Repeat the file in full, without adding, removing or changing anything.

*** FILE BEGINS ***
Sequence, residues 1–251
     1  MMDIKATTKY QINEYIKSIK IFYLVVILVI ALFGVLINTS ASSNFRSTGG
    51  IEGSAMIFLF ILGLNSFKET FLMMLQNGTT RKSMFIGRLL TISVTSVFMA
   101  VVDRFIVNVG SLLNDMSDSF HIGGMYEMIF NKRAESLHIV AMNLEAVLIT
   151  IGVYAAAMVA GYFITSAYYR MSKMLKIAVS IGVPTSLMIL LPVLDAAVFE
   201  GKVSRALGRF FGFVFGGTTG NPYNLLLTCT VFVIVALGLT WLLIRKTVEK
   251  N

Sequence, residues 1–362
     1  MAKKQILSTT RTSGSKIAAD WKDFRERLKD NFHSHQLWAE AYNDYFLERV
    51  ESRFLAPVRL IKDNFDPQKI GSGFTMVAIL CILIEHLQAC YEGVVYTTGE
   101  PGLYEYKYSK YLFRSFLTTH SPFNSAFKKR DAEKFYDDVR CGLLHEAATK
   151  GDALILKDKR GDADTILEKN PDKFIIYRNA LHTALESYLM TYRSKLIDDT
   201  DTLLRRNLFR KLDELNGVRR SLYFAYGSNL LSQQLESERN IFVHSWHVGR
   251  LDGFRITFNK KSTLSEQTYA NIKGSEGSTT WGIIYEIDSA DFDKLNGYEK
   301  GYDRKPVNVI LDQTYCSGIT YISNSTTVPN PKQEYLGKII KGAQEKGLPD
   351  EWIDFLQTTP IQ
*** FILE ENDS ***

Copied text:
Sequence, residues 1–251
     1  MMDIKATTKY QINEYIKSIK IFYLVVILVI ALFGVLINTS ASSNFRSTGG
    51  IEGSAMIFLF ILGLNSFKET FLMMLQNGTT RKSMFIGRLL TISVTSVFMA
   101  VVDRFIVNVG SLLNDMSDSF HIGGMYEMIF NKRAESLHIV AMNLEAVLIT
   151  IGVYAAAMVA GYFITSAYYR MSKMLKIAVS IGVPTSLMIL LPVLDAAVFE
   201  GKVSRALGRF FGFVFGGTTG NPYNLLLTCT VFVIVALGLT WLLIRKTVEK
   251  N

Sequence, residues 1–362
     1  MAKKQILSTT RTSGSKIAAD WKDFRERLKD NFHSHQLWAE AYNDYFLERV
    51  ESRFLAPVRL IKDNFDPQKI GSGFTMVAIL CILIEHLQAC YEGVVYTTGE
   101  PGLYEYKYSK YLFRSFLTTH SPFNSAFKKR DAEKFYDDVR CGLLHEAATK
   151  GDALILKDKR GDADTILEKN PDKFIIYRNA LHTALESYLM TYRSKLIDDT
   201  DTLLRRNLFR KLDELNGVRR SLYFAYGSNL LSQQLESERN IFVHSWHVGR
   251  LDGFRITFNK KSTLSEQTYA NIKGSEGSTT WGIIYEIDSA DFDKLNGYEK
   301  GYDRKPVNVI LDQTYCSGIT YISNSTTVPN PKQEYLGKII KGAQEKGLPD
   351  EWIDFLQTTP IQ